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Former first-round pick Cornelius Randolph displays power in two latest Triple-A games


Cornelius Randolph was selected with the 10th pick in the 2015 draft. (Cheryl Pursell)

When it comes to hot stretches from a prospect, it would be hard to find one more scorching than in Cornelius Randolph’s two most recent games for the Lehigh Valley IronPigs.

The former first-round pick went a combined 6-for-9 with two home runs, three doubles and six RBIs against the Syracuse Mets on Wednesday and Thursday. Randolph had 15 total bases and six RBIs in two contests, as his performance mirrored the way he intends to play throughout the season.

“My approach coming into the year is trying to control what I can control,” Randolph said Friday on Zoom. “Just try to get pitches on the plate that I can hit hard and try to do damage on it.”

He certainly did damage on Wednesday and Thursday.

Wednesday in Syracuse turned out to be the biggest night of the left-handed hitter’s minor-league career. He went 5-for-5 at the plate with three doubles, a single and a home run to right-center field in a 16-1 Lehigh Valley victory.

On Thursday, Randolph hit an opposite-field solo home run in the second inning as the IronPigs fell to the Mets, 5-3.

“I’m trying to stay more through the ball, just work it to left-center field and just let everything else … go,” the outfielder noted.

Randolph went 1-for-4 on the day, while playing center field defensively. He’s been getting more comfortable playing the position as he puts in more time there.

Defense has been a priority of Randolph’s for a while now. As he spent time at home in Georgia during last year’s canceled minor-league season, Randolph worked to improve his conditioning and versatility in the field.

“I actually went and bought a Peloton, and I’ve been working on my body a lot,” he said. “I did a lot of cardio. … On the defensive side of the ball, I wanted to get faster, work on playing all three [outfield] positions, including center field. I want to turn into an all-around player.”

Randolph got to train with major leaguers Niko Goodrum and Dwight Smith in Georgia during their time off in 2020, and faced professional pitchers including Atlanta Braves reliever Will Smith. Randolph then played overseas in Australia, which helped him get ready to jump back into minor-league ball.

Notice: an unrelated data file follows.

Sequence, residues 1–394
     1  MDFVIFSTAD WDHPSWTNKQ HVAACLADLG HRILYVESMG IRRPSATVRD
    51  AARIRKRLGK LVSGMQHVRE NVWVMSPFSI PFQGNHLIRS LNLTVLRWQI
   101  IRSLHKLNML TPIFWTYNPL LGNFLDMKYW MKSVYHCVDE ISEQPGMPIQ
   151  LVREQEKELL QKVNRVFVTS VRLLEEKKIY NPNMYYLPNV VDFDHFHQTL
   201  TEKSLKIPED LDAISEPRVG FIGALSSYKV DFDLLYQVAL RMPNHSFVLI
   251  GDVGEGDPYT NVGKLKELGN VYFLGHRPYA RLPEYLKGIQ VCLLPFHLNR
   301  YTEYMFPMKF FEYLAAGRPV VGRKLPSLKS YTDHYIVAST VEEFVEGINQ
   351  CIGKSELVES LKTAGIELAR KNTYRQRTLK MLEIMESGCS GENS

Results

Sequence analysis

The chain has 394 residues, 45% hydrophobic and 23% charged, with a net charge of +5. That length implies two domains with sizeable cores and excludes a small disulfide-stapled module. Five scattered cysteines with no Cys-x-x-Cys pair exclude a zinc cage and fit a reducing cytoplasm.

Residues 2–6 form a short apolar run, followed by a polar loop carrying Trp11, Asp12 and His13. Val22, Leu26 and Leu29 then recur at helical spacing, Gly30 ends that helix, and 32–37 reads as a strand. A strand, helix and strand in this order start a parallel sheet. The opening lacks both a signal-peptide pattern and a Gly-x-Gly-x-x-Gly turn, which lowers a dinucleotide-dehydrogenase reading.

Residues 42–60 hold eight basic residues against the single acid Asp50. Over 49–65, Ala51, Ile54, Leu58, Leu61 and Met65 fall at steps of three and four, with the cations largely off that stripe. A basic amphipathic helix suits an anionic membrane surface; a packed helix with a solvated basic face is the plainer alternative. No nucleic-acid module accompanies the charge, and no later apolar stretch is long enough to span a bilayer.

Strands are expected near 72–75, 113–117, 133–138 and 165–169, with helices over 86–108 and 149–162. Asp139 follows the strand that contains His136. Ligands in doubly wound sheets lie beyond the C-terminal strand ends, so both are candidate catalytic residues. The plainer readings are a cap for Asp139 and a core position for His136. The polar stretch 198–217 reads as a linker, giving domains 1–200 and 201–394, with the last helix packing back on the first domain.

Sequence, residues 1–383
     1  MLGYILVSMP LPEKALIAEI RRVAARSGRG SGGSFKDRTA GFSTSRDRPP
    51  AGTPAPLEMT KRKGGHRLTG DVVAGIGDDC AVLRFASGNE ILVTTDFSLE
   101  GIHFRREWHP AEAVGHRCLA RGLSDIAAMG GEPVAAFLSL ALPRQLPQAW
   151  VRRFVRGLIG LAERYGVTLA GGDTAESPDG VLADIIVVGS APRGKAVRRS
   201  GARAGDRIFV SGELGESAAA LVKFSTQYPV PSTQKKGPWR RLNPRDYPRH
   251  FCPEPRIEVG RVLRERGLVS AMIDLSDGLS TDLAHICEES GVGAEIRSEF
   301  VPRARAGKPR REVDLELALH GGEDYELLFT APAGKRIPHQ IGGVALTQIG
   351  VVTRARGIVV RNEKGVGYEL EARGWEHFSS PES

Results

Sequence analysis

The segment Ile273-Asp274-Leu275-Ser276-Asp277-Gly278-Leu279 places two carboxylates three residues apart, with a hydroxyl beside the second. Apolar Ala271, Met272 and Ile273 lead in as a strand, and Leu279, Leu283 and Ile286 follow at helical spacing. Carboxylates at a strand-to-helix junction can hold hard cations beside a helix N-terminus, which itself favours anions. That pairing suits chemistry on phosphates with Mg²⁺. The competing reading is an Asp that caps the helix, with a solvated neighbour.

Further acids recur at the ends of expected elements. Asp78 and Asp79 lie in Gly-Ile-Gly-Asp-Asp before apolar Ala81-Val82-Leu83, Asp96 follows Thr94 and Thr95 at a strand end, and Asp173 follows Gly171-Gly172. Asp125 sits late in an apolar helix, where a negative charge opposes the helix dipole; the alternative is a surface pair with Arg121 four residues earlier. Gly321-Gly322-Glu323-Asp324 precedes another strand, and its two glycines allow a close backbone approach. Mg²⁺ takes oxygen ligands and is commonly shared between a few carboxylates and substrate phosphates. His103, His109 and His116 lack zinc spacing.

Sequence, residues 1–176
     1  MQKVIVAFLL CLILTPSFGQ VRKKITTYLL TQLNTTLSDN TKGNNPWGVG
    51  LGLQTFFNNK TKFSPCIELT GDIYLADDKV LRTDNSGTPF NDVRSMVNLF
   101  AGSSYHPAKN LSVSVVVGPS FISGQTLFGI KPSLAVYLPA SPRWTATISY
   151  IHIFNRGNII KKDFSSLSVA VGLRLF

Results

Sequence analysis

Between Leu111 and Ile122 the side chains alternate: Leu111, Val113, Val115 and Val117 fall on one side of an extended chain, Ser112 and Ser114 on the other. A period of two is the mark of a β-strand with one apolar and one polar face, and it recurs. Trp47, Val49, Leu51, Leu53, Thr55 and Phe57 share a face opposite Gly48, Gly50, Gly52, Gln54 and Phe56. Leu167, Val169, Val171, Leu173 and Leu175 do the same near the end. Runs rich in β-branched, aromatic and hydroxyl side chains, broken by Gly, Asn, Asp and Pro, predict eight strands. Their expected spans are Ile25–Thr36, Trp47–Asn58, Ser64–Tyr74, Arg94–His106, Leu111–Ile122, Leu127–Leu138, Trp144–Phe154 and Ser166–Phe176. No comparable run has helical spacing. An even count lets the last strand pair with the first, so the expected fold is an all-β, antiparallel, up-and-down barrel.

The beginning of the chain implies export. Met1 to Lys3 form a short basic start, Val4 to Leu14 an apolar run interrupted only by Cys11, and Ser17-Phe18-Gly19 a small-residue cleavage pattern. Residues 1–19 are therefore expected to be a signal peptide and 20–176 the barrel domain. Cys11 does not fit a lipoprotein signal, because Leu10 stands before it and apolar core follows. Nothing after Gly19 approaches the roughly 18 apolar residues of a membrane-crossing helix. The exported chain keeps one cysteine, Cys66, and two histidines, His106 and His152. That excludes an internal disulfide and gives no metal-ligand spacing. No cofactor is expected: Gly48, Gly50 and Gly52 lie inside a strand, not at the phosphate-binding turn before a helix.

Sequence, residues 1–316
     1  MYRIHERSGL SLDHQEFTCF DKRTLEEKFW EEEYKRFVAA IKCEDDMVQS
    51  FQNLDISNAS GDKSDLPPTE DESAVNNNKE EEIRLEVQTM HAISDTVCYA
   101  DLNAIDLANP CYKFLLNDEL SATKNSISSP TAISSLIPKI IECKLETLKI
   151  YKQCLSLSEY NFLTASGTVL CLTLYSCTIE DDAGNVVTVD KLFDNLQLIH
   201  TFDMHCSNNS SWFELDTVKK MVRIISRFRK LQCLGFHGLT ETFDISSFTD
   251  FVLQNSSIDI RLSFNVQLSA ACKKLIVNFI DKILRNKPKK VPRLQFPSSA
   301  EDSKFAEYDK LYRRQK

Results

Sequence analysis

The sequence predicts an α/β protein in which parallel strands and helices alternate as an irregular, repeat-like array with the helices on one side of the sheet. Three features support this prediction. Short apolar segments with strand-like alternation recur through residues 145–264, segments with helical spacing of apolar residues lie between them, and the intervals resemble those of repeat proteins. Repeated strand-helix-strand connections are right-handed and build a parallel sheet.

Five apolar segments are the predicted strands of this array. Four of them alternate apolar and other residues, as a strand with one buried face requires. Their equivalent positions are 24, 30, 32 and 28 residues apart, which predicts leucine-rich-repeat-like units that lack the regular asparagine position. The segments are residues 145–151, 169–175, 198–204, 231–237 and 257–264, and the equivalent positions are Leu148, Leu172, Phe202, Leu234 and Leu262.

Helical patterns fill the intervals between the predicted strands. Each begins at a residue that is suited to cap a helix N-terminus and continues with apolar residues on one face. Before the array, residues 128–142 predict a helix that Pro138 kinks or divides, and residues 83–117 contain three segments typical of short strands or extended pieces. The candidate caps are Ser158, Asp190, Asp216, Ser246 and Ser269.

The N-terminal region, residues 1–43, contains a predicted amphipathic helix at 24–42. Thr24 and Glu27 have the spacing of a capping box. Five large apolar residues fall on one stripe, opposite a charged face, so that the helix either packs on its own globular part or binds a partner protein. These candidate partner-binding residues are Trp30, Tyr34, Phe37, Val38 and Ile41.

The 23-year-old is now hitting .341/.383/.636 in 47 plate appearances through 12 games to start his first year in Triple-A. Randolph has four doubles and three home runs so far this season. He does have 12 strikeouts and just three walks, but the power stroke and hit tool Randolph has shown early on are still encouraging.

Since being taken with the tenth pick in the 2015 draft, Randolph is a career .257/.344/.383 hitter with 34 home runs in 475 games. But as he’s developed and advanced, this year feels a bit different.

“Over the years, I’ve learned so much about being a pro,” Randolph said. Even at this level, he’s gaining knowledge from IronPigs teammates who played in the majors in Travis Jankowski, Ryan Cordell and Rubén Tejada. He’s getting better at reading pitchers and reading the game as a whole.

“Just learning how to actually watch the game, watch what pitchers are doing. Things like that, I would say, help me,” Randolph said.

If Randolph can play anywhere near the level he’s been of late, 2021 will be a lock for the best season of the young outfielder’s career. That’s not to say his current pace is sustainable or that Randolph will be a major-league star one day. But for a player who’s certainly been labeled a “bust” by many, the newfound success may be a sign he’s turning a corner. Even if it doesn’t come with the Phillies, a promotion to the major leagues at some point over the next two seasons is not as unlikely as it may have once seemed.

Randolph, however, isn’t worried about any of that discussion. He’s focused on going into each day and taking care of the business he can handle.

“Control what I can control, day in and day out,” he said. “You can’t control if you get hits. You can’t control pretty much half the things that go on with baseball.

“So, if I can control what pitches I swing at, how hard I’m working and things of that sort, I feel like I’m going to attain the goals I want to attain.”

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1 Comment

1 Comment

  1. Tom G

    May 24, 2021 at 11:10 am

    Would be great to get some MLB production from this pic. Could be right in time for Cutch leaving

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